Asa Branca Favela Welcomes Haitian Immigrants

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The rise in Haitian immigration to Brazil has been hitting the headlines. According to figures from the Ministry of Work and Employment published by BBC Brasil, the number of Haitian workers in Brazil rose from 814 in 2011 to 14,579 in 2013. Justice Minister José Eduardo Cardozo declared that Brazil currently emits more than 100 visas a month to Haitians.

Thanks to a dynamic community leader, one favela in Rio’s West Zone is reacting to an influx of Haitian immigrants in creative and inclusive ways.

Home to 8,000 residents, over its 35 year history Asa Branca has witnessed the dramatic growth of the surrounding region, now peppered with huge developments including the main site of the 2016 Olympic Games. Skyscrapers loom large over the community, which sits in between the newly-launched TransCarioca Bus Rapid Transit line on one side and the still-in-construction TransOlímpica BRT line on the other.

Asa Branca’s Residents Association is celebrating its thirtieth anniversary this year, under the long-term leadership of its popular president Carlos Alberto Costa, known as Bezerra. Bezerra’s latest mission is to help improve the integration of the community’s approximately 150 Haitian immigrants, working in what Bezerra describes as the “boom in civil construction” in the Olympic Park region.

Bezerra (right) with English and French teacher Dieuseul

Bezerra saw Haitian immigration as an opportunity to increase integration in the community: “I said to myself: they’re here! They’re residents too. So we need to find out what they need.”

In May, the Residents Association welcomed Haitians, Brazilians and organizations working with foreigners in Rio for a traditional feijoada meal. “It was good! They came, they participated…we had a good chat,” Bezerra said.

He has recently joined forces with a Haitian resident to offer French and English classes in the community. Dieuseul Duclosil gave his first lesson to a handful of keen students on July 12 and Bezerra said he knew dozens of other residents interested in enrolling. He hopes this initiative will expand to include Portuguese classes for Haitians and has plans for a Haitian-Brazilian ball, with music from the two cultures.

Asa Branca's first English class

Bezerra described how the classes came about: “[Dieuseul] has taught English and French before. And currently he’s unemployed… This is a way for the Association to help him.”

Dieuseul liked the idea. He said: “It’s good to integrate a nation that’s new here… [Bezerra] is a very interesting person, because he embraces everyone here. It’s not what you give someone that makes you a good person. It’s the way you think, the way you look at other people.”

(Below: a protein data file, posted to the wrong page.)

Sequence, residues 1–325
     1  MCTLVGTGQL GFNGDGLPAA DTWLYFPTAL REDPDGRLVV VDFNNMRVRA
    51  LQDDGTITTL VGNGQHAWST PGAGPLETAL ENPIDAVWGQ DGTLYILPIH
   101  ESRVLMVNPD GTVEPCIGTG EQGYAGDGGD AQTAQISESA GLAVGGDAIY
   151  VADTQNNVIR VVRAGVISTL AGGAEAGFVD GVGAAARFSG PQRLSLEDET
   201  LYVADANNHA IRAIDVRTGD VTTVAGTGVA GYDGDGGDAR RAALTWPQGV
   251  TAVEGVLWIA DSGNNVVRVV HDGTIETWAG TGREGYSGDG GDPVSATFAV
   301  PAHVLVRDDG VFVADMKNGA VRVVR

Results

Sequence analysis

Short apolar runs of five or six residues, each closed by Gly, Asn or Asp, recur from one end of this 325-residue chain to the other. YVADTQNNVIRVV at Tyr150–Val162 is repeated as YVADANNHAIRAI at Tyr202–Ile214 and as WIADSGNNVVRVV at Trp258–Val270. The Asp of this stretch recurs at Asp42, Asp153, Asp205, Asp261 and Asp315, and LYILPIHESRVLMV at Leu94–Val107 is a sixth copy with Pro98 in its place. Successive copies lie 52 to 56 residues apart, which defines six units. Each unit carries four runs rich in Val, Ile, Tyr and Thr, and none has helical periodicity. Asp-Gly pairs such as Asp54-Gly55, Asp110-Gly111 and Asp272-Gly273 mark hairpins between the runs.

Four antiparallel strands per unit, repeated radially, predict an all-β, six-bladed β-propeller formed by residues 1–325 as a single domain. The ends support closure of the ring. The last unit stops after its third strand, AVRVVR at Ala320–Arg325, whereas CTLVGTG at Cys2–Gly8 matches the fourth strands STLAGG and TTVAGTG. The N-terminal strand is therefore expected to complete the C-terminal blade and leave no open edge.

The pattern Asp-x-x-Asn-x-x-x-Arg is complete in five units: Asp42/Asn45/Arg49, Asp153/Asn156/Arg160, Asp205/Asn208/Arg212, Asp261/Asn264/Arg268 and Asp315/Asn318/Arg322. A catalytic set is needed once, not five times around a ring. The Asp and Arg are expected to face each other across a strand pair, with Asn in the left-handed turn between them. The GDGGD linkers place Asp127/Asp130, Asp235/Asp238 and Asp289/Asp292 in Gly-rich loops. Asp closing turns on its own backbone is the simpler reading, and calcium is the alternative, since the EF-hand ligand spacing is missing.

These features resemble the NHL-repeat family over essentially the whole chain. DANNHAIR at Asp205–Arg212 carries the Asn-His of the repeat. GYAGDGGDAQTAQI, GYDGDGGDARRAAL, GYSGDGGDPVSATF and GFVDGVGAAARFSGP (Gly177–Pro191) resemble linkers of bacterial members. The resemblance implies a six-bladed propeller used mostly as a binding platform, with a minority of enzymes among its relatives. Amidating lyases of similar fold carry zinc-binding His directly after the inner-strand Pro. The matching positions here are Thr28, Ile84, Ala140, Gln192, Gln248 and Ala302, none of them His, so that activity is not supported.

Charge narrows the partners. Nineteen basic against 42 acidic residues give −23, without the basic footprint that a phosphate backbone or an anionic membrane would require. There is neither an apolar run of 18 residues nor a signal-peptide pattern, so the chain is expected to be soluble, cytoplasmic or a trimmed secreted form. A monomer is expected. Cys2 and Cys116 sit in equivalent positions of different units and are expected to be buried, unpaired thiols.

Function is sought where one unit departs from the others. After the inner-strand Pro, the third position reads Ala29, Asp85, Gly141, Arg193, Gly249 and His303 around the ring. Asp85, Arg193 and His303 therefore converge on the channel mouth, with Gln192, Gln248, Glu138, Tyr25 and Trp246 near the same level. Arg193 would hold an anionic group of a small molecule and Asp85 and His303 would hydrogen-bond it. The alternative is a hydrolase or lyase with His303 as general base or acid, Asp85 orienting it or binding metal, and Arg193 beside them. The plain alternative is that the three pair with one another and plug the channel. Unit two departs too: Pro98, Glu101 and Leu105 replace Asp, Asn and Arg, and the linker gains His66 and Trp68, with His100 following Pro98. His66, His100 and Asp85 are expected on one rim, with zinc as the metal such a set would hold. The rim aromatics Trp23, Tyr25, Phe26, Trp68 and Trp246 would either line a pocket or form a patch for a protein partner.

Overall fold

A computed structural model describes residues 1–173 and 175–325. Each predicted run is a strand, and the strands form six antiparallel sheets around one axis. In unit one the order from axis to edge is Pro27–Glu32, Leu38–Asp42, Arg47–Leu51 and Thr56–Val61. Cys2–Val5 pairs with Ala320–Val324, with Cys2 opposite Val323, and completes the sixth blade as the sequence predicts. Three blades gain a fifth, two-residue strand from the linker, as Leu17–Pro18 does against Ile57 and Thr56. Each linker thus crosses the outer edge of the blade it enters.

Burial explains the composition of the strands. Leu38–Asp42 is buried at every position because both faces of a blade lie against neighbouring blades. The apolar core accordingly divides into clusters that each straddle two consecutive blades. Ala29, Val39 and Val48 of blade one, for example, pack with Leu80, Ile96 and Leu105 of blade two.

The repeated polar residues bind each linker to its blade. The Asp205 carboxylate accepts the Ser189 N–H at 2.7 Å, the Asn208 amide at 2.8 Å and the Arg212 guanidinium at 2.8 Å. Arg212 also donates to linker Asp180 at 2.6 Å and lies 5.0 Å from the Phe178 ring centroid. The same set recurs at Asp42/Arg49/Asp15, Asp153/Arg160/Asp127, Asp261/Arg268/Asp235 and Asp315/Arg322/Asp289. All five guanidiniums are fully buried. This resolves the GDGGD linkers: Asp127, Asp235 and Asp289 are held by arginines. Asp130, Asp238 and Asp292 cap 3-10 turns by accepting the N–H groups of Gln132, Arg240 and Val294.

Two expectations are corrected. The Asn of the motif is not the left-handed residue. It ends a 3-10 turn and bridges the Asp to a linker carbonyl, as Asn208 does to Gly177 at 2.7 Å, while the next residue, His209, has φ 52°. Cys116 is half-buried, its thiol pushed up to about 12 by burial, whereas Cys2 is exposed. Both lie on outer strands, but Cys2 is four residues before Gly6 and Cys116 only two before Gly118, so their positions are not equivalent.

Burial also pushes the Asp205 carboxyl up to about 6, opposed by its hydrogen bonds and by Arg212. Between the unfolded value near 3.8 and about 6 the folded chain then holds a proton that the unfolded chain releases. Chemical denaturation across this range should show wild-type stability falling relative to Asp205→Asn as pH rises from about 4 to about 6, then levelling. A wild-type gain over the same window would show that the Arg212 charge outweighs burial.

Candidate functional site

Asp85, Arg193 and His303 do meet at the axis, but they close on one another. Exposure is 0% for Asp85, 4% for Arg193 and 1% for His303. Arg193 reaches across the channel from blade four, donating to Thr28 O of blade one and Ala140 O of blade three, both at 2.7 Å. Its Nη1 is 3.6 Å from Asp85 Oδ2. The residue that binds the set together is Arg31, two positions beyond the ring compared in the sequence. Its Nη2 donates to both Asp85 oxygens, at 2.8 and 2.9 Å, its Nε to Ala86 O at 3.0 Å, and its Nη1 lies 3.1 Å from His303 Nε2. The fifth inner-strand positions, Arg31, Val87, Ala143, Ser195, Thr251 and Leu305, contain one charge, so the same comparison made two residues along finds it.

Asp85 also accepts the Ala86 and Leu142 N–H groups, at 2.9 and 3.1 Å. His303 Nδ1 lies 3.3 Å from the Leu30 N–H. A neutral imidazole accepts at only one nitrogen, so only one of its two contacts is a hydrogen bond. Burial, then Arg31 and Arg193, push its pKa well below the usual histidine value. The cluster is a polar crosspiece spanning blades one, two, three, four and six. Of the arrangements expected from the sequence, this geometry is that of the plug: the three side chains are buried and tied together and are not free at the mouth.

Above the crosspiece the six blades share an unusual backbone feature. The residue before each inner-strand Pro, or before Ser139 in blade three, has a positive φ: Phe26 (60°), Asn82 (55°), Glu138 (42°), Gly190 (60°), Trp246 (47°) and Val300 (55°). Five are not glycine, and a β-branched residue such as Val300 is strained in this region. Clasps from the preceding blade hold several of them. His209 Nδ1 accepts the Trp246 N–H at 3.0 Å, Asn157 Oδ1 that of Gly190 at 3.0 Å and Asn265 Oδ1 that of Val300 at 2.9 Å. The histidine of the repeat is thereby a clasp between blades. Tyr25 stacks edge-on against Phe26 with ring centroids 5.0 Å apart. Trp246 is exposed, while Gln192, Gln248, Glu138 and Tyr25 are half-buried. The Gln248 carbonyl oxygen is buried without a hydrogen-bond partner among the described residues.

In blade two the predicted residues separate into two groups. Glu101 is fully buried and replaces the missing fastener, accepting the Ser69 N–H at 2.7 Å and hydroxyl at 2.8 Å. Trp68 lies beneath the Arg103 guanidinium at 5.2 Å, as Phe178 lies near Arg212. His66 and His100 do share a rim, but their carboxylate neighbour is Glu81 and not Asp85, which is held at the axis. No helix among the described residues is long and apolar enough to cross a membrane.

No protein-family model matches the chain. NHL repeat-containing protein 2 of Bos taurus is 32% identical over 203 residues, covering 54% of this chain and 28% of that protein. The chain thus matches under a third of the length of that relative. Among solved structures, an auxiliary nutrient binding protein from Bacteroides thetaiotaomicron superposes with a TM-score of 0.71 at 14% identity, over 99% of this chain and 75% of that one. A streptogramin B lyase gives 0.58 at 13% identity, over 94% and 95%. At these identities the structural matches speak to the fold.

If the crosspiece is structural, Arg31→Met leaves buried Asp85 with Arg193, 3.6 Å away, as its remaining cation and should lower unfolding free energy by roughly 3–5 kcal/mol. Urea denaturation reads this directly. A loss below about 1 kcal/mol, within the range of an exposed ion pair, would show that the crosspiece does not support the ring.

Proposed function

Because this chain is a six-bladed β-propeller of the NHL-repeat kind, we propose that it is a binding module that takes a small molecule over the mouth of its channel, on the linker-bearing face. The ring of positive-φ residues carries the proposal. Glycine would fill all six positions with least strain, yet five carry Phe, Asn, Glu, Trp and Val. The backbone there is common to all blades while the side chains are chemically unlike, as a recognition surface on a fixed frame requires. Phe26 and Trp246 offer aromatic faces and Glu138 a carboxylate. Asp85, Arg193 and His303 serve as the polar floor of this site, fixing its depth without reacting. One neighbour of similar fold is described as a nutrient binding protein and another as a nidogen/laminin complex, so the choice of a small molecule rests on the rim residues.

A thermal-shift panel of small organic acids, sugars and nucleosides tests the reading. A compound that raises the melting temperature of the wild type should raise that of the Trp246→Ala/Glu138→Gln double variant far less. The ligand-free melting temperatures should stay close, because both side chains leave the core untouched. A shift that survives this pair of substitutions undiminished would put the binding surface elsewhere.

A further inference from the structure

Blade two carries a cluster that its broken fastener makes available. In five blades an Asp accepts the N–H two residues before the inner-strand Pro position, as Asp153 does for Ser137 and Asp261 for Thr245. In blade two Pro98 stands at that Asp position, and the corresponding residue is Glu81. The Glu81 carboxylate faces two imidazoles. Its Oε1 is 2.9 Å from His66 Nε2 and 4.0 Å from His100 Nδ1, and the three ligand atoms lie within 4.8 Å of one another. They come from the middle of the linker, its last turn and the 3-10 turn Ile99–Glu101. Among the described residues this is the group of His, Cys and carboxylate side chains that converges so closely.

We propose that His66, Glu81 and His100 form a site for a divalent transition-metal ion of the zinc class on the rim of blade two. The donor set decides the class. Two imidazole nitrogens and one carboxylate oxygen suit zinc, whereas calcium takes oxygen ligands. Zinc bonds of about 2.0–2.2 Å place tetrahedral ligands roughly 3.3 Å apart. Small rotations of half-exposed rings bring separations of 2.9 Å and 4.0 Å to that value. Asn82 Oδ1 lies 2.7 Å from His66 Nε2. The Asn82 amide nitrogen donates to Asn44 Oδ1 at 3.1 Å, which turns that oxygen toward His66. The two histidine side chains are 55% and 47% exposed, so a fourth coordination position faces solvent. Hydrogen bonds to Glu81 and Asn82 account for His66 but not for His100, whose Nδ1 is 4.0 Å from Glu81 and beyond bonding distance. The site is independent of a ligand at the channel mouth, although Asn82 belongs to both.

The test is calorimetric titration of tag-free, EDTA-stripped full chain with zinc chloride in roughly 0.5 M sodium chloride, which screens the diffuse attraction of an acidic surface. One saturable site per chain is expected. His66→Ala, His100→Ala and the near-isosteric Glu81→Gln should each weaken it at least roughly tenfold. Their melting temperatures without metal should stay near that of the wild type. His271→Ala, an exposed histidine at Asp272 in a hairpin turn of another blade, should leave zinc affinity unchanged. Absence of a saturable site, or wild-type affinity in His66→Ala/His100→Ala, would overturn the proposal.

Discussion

Some of the first students

For a favela that owes its conviviality and development to a dedicated community of long-term residents, the new Haitian neighbors represent a totally different way of living, based on years of migration. After the 2010 earthquake which devastated his home country, Dieuseul moved from Haiti to Ecuador, where he spent two years before moving to Rio Grande do Sul in southern Brazil, eventually moving to Rio in search of a hotter climate. “I said to myself: I’ve got to find a city where it’s hot, so I can live well!” he joked. He had been working in construction in Rio for over a year before being made redundant.

Other Haitian immigrants have similar stories of migration across several countries. Frisno Merat spent eight years in the Dominican Republic before moving to Brazil. He said he feels at home in Asa Branca: “Life is calm here, we don’t have problems with anyone here.”

His friend Lebien Prince agreed, showing off his young daughter, proud that she speaks good Portuguese. “It’s all good here, thank God, because right now I’m working. My wife’s here with me and she’s working too.”

Lebien and Frisno, Haitians in Asa Branca

The language teaching project is just one example of Asa Branca’s history of collectivity. The community built many of the services it uses today, including its sewerage system, created by residents some twenty years ago. “I’m proud of it; we’re proud of it,” said Bezerra. “And it still functions well. It was a sewerage system built for some thousand residents and now there are 8,000 of us, so it’s a bit complicated.”

Even so, Bezerra complains that the collective spirit in the favela is dwindling as he thinks residents have become more focused on self-improvement above community improvement.

He is trying to use his position as Residents Association veteran to motivate a new generation of community leaders and encourage participation and solidarity. With this in mind, he’s been holding a debate series, encouraging residents to come together to discuss issues such as racism, sexism and women’s issues, and the reduction in the age of criminal responsibility. “I know lots of people who are capable of doing a better job than me. You have to motivate these people, provoke them!”

Asa Branca street

Asa Branca’s Haitian residents know that their existence in the community depends on a source of employment, which is not guaranteed. In Frisno’s words, “you have to grab the work where you can find it,” suggesting that his next step might be São Paulo. And for Dieuseul, he says most Haitians want to return to their country. “We work, save money, to go back to our country. There’s no place you feel better than the place you were born.”

But while they’re living in Asa Branca, Bezerra will look for ways to include them in the community, “so they can have the dignity that human beings deserve, in a country they don’t know well.”